The Bye Bye Man might be the token scary movie to come on this Friday the 13th, but the film striking fear in the hearts of studio executives is Monster Trucks, Paramount’s family-friendly blockbuster. Those ashen-faced executives aren’t at rival studios, though; they’re at Paramount itself.
When studios are trying to hide a potentially embarrassing film from critics and audiences, they usually look at two windows on the calendar. The end of summer, from late August through September, when the blockbuster season has dried up and kids have gone back to school, can still bring big returns on investment due to a less crowded landscape. But January, a.k.a. the heart of awards season, is the true elephant graveyard of the movie business. Other than American Sniper a couple of years ago–which had already been in limited release for a month–no film released in January has ever topped $42 million in its opening weekend.
Movies scheduled for January tend to be low-budget, low-risk releases. Sure, they could catch on, but they generally don’t. That’s exactly what makes Monster Trucks such an anomaly; it’s a $125 million film that was meant to be a major blockbuster. It’s also an epic miscalculation with a torturous production history full of strange inspirations, multiple release date delays, and fired executives, it’s the absolute worst-case scenario for when a studio sets out to make something audiences ostensibly want to see: an original blockbuster film.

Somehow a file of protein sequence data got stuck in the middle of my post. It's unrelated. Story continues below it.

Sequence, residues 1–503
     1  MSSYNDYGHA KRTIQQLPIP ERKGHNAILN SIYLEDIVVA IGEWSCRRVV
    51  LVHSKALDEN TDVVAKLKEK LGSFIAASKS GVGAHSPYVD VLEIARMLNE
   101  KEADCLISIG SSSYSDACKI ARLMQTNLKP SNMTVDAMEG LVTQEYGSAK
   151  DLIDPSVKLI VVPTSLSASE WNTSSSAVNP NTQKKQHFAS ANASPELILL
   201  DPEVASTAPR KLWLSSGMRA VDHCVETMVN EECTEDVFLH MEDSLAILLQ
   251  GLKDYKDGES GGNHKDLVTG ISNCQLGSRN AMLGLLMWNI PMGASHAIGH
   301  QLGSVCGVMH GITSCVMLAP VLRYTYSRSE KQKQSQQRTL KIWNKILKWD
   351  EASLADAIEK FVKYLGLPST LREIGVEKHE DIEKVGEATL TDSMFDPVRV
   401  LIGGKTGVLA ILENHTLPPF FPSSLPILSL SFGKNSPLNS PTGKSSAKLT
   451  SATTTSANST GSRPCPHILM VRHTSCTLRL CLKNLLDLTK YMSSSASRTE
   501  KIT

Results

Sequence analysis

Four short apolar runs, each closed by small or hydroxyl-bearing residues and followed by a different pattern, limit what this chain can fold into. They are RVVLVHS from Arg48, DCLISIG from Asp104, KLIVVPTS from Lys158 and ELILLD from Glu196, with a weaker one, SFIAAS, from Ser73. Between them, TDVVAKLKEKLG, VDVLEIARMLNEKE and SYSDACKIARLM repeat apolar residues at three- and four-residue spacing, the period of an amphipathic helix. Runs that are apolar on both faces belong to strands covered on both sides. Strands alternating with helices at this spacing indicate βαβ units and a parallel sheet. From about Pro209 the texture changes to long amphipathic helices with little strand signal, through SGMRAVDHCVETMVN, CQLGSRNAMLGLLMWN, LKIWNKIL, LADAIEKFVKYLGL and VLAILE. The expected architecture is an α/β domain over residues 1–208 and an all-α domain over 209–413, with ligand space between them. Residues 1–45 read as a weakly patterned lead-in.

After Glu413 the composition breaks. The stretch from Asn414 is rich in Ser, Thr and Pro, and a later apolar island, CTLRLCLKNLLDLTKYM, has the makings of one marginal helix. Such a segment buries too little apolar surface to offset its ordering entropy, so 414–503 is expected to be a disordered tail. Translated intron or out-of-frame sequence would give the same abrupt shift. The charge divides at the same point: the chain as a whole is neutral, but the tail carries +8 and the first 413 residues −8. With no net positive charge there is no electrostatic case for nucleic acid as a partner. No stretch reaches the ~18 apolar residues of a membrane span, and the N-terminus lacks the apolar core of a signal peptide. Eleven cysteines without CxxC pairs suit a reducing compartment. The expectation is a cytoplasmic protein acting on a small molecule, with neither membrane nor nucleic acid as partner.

Kids Pitch The Darnedest Things
In July 2013, Paramount Animation announced that the studio was developing a new live action/CGI hybrid film called Monster Trucks. Directed by Chris Wedge (Ice Age), it would be Paramount Animation’s second film after The SpongeBob Movie: Sponge Out of Water. Adam Goodman, the president of Paramount at the time, had already overseen several big successes, including the Star Trek reboot, Mission: Impossible — Ghost Protocol, and the micro-budget Paranormal Activity franchise. But for Monster Trucks, Goodman developed the original idea for the film–along with his son, who was four years old at the time.